Monday, January 30, 2012
Thursday, January 26, 2012
Tuesday, January 24, 2012
Wednesday, January 18, 2012
Monday, January 16, 2012
This happens to me every year. My partner will spot a photo opportunity and I moan and groan about the light. But I then I go for it and it turns out well. It's shot in the ancient Jewish Ghetto of Rome in one of these narrow streets with artisan shops - and the only light is from the window. With this kind of picture I always wonder about the subject. He was much too absorbed in his search to notice me or my camera. How nice that is. The search for the object is at least as important as its acquisition. And the joy of finding something one was looking for after a long search is exquisite. It really is beyond price and even value. Any collector will be pleased tell you of the journey to find that elusive book, album or print - often at length. It's part of the object's provenance. I like to find a book that has some kind of history inscribed on the inside pages. Perhaps it was a gift and the giver pondered for a long time over how delighted the recipient would be to receive it. That relationship sabotages a gift relationship that demands we give a like object in return. Yet I like to think this man has found something he was looking for - for himself. Perhaps it meant something very special to him. I hope it did - and that he purchased it and took it home joyfully.
Thursday, January 12, 2012
I think this is a symbol we haven't yet tackled on the blog. The bow, no matter what it's form, is all about tension and in all cultures it's an important symbol. It has enormous sexual symbolism since it takes a precise, ordered structure of tension, relaxation and release. Wilhelm Reich, had he taken more interest in the symbolic application of his work on sex and anxiety, would have found much of interest in the bow. It is the weapon of kings and royalty but also of the warrior and hunter. But whereas the arrow is penetrative and clearly male, the string is female. And although we could almost miss the string (as in this photograph) it provides the thrust without which the whole thing is ineffective. The bow derives its whole power from the tension in the string. Anubis, Apollo and Shiva are all depicted with bows as are some figures in Christian art. Archers are masters of our fate and whoever is their target is doomed. But the archer is at the other end of the bow, away from the sharp end. We often talk about having another string to our bow, so the archer also needs back-up support! This crossbow is in a courtyard in the Castel Sant'Angelo in the centre of Rome. You could miss it because it is in a courtyard leading off the main visitor route, so if you do pay the castle a visit, go early and explore everything.
Thursday, January 5, 2012
It's not so often you have such a clear day in Rome, with no pollution obscuring the mountains. It's a fabulous sight. This photograph is taken from the Gianicolo Hill which can be reached easily from the Vatican. You can walk up there if you have the energy. But it's a steep enough climb, so luckily there are plenty of buses. I was looking down at all the places and wondering how long it would take to explore everything in the Eternal City. A lifetime maybe? I also thought that it would be difficult to take a poor photograph from this location! Most tourists explore the famous sites that you can see here, but if you track back through the extensive parkland (much of which used to belong to the Vatican) that extends for many square kilometres, there's interesting places a visitor might miss. Rome is built on hills so there are even tiny farms very close to the centre. I found one as little as a kilometer from the busy roads around the Vatican. There's been human habitation here for around 14,000 years and its worthwhile speculating what it looked like then. I'm sure it looked well.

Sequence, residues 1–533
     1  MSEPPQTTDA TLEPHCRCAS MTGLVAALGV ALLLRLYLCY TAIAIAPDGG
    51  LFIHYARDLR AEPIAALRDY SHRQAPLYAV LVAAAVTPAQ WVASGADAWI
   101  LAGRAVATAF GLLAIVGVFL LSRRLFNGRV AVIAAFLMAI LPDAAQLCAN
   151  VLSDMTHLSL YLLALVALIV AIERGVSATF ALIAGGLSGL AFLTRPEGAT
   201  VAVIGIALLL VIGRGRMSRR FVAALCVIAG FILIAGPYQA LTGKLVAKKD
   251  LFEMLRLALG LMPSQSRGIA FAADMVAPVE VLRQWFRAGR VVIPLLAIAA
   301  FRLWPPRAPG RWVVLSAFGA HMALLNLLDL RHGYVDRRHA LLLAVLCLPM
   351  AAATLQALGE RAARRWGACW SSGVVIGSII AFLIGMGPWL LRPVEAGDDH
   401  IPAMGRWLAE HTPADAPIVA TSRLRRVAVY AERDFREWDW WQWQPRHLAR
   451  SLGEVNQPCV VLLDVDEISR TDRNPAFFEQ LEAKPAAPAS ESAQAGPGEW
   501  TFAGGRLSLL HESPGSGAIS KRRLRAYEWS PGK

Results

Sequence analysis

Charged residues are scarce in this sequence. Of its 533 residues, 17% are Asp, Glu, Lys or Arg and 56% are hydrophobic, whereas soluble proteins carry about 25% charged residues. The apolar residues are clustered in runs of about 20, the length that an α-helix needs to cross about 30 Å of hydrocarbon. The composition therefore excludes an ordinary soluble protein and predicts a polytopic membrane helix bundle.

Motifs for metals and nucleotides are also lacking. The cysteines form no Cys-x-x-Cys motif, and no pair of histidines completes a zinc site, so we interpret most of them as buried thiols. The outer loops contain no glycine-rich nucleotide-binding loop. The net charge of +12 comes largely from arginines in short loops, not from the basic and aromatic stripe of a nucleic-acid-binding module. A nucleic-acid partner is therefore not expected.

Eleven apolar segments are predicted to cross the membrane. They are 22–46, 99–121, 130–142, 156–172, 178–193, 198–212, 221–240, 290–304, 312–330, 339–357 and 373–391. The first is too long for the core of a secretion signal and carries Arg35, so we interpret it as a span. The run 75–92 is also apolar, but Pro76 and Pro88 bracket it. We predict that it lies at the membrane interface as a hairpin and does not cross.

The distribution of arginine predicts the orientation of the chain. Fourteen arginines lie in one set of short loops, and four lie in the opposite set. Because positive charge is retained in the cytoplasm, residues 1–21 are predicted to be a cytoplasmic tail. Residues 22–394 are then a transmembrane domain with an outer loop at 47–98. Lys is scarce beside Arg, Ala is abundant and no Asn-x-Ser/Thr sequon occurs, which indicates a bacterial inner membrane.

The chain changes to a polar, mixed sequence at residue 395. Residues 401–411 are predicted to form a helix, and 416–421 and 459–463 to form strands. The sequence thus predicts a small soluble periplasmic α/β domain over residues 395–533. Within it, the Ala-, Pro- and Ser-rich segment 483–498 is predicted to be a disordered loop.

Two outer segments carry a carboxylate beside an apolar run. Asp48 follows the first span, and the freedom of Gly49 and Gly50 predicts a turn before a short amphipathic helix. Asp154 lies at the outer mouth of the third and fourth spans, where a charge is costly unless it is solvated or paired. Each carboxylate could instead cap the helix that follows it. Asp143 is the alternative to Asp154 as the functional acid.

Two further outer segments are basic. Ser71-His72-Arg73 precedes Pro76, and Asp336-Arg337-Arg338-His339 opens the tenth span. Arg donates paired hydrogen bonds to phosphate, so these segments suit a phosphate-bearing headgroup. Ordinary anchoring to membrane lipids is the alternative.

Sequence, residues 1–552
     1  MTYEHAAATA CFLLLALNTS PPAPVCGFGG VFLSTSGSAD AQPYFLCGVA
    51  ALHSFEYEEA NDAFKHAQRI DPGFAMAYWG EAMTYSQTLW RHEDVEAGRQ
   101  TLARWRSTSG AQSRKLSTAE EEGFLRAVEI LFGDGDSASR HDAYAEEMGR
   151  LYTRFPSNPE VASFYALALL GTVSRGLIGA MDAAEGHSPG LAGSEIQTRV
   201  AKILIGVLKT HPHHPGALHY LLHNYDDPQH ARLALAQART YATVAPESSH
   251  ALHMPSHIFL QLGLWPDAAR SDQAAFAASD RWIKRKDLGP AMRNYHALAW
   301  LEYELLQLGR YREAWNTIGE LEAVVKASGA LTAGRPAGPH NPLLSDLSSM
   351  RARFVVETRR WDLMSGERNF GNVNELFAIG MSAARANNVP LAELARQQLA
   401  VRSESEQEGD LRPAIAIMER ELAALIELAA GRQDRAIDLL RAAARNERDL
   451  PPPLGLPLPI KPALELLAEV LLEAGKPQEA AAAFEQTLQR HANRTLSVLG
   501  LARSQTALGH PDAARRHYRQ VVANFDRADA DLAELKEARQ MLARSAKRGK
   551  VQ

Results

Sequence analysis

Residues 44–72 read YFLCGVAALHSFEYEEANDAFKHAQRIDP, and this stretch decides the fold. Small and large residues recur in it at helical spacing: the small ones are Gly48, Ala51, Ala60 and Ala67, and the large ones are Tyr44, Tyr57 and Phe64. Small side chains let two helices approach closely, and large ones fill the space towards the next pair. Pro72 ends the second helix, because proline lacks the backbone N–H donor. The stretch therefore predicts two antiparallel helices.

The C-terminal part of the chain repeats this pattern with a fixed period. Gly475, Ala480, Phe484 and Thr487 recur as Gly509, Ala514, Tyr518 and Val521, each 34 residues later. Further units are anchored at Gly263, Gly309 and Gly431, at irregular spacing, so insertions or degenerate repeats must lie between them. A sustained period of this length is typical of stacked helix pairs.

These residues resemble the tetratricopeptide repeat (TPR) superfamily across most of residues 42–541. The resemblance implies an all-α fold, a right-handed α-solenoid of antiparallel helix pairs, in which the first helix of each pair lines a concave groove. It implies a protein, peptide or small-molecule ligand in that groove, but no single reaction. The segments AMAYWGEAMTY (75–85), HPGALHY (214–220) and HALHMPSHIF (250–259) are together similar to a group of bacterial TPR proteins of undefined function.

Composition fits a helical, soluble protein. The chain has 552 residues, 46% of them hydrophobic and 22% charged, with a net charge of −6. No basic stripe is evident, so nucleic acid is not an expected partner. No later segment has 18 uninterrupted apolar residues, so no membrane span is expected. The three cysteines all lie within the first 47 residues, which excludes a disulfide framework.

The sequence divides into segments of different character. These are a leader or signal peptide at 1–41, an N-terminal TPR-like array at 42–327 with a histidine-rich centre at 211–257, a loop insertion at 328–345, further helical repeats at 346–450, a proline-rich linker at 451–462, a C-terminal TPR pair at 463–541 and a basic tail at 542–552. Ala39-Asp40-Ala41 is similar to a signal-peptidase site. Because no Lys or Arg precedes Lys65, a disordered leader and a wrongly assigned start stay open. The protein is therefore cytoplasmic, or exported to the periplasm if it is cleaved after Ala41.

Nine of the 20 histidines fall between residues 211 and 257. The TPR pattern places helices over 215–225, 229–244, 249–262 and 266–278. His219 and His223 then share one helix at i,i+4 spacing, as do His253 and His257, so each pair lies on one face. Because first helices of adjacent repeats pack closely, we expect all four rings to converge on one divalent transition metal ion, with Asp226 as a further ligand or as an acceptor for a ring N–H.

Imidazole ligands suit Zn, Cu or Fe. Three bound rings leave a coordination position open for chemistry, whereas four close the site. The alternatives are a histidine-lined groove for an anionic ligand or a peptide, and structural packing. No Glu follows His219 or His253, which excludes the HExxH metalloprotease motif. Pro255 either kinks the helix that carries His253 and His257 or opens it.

Tuesday, January 3, 2012
Let's start the New Year afresh with this striking plant and the fruit it bears. It's a Queen Palm tree and the fruit starts out green and ends up orange. I was wondering if that's the way we all start out - a bit green. One of Shakespeare's characters, Cleopatra in this case, refers to her salad days, "when I was green in judgement, cold in blood. "That generally denotes youthfulness and inexperience and an inclination to rush into things without thinking. Of course green is much used in sayings. We are green with envy for example. But we are never orange with anything! Orange is such a nice colour and beloved of artists like Kandisky. "Orange is red brought closer to humanity by yellow." It is indeed a happy looking and it's often associated with vivid autumn shades and the Thanksgiving festival. Looking at the picture cheers me up but orange also has negative connections. Agent Orange was much used in the Vietnam War, destroying crops to terrible effect as well as harming soldiers who sprayed the substance. But the herbicide derived its name not from its own colour but from the striped drums used to transport it. It was a case of a dreadful substance shipped in a happy container.